views updated Jun 11 2018

WAC. Half a year before the attack on Pearl Harbor, Congresswoman Edith Nourse Rogers of Massachusetts introduced a bill in Congress on 28 May 1941, to establish a Women's Army Auxiliary Corps (WAAC) within the U.S. Army. Mrs. Rogers's bill aroused immediate controversy: most men in Congress and the War Department opposed the idea of women in the military.

To gain passage, Mrs. Rogers had to accept changes in the WAAC bill. When it was finally passed on 14 May 1942, it provided for a corps of 25,000, to be an auxiliary to the U.S. Army without military status. Later that year, the corps was authorized to increase to 150,000. The WAACs would serve under women commanders, be given duty at army posts in the United States and overseas, have separate grade titles and pay schedules from men, be noncombatants, wear uniforms, and serve under WAAC rather than army regulations. The head of the corps would have the title of colonel but receive the lower pay of an army major. Ironically, bills enacted later in 1942 permitted women to serve in the U.S. Navy and Marine Corps as reservists on active duty with the same military status, pay, and benefits as men.

On 1 September 1943, Congress gave the WAACs military status and eliminated “Auxiliary” from the title. (Over 60,000 members were on active duty then; 937 in North Africa and England.) Members of the new Women's Army Corps (WAC) now had the same grade titles, pay, benefits, and privileges as men in the army. But they could not command men's units, participate in combat, rise to a grade higher than lieutenant colonel, or automatically receive pay and benefits for their dependents as men did. One woman, the director, Oveta Culp Hobby, received the title and pay of a full colonel.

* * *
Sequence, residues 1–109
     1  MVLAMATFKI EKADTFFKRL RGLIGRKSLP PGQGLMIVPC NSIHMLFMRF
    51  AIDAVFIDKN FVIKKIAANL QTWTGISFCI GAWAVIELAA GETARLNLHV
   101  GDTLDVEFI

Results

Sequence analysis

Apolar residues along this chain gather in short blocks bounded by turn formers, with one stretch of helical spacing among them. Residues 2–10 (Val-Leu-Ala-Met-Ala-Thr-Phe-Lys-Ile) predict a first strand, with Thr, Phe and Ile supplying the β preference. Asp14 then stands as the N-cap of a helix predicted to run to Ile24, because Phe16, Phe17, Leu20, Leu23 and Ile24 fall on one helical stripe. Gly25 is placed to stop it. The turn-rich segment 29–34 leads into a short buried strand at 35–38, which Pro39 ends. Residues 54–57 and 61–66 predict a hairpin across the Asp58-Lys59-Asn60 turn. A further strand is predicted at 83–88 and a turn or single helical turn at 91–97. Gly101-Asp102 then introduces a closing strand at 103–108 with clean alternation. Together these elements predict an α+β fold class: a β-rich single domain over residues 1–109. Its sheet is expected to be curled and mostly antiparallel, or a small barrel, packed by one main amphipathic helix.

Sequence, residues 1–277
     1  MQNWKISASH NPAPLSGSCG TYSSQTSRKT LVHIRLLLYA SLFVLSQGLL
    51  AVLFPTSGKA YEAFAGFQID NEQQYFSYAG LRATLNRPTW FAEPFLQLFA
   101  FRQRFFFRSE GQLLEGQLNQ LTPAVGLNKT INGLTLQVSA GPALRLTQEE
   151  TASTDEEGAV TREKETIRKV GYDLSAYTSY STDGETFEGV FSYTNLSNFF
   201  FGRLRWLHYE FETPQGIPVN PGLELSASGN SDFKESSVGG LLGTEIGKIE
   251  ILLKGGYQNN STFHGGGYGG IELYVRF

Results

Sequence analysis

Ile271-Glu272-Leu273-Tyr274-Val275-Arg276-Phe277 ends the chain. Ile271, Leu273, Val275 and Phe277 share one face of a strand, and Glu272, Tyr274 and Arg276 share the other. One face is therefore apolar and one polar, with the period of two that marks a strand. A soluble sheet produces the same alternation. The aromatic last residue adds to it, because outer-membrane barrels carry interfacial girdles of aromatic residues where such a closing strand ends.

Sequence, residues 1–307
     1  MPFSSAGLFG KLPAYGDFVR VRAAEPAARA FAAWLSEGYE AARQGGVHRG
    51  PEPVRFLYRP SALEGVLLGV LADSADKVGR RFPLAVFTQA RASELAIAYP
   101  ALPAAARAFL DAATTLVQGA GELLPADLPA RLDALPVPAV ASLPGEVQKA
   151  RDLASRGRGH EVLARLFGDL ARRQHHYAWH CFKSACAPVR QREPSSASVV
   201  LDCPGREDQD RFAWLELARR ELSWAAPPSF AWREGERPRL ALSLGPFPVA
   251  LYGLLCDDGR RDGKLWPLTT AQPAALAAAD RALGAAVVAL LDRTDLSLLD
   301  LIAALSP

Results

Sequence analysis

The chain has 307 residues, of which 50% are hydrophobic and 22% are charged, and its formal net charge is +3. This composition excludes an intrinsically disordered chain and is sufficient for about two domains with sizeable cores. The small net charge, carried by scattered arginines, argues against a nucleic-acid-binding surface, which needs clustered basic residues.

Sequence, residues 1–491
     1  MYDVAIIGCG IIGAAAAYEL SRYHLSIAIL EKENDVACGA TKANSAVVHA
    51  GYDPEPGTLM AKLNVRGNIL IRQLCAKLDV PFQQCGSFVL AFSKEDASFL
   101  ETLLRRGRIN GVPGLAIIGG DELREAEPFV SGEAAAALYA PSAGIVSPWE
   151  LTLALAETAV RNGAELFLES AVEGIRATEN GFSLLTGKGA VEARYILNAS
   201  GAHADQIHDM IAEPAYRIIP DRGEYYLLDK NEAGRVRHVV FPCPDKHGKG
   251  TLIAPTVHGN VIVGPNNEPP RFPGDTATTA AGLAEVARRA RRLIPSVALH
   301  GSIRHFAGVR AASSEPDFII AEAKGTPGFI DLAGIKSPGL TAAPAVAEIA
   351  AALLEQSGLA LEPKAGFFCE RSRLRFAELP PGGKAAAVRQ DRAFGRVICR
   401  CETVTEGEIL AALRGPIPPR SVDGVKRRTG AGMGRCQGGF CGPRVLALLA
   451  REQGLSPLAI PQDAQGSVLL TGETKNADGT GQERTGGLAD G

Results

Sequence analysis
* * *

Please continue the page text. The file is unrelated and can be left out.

Initially, as WAACs, women were limited to work as clerks, cooks, drivers, and telephone operators. After receiving military status, the WACs were assigned to an increasing variety of army jobs. By war's end, they were serving in all theaters of war and almost every noncombat job. Nearly 100,000 were on active duty on 30 April 1945–over 16,000 serving overseas.

After World War II, the new chief of staff of the army, Gen. Dwight D. Eisenhower, asked Congress to enact legislation to make the Women's Army Corps part of the Regular Army and the Organized Reserve Corps (later U.S. Army Reserve). He wanted WACs permanently in the army to do the work they had done so well in wartime. The bill was enacted 12 July 1948. The WAC then became a separate corps (or branch) of the Regular Army. WAC officers and NCOs commanded units of enlisted women, who were housed in separate detachments, companies, or battalions on army posts. WAC officers and enlisted women were assigned, sent to schools, discharged, and retired by Department of the Army orders.

When the Korean War began on 25 June 1950, WAC strength was 7,300, but it increased to 12,000 a year later. In Korea, the combat zone was so fluid and unpredictable that a noncombatant WAC unit could not be assigned in the country. Only a half‐dozen WAC officers and enlisted women served as stenographers and interpreters.

After the war ended (1953), WAC strength fell to 7,800. The corps was rejuvenated when the army built a permanent WAC training center and school (1954) at Fort McClellan, Alabama. (Today, the Women's Army Corps is located there.) New opportunities opened for women officers and enlisted women in communications, intelligence, logistics, and transportation.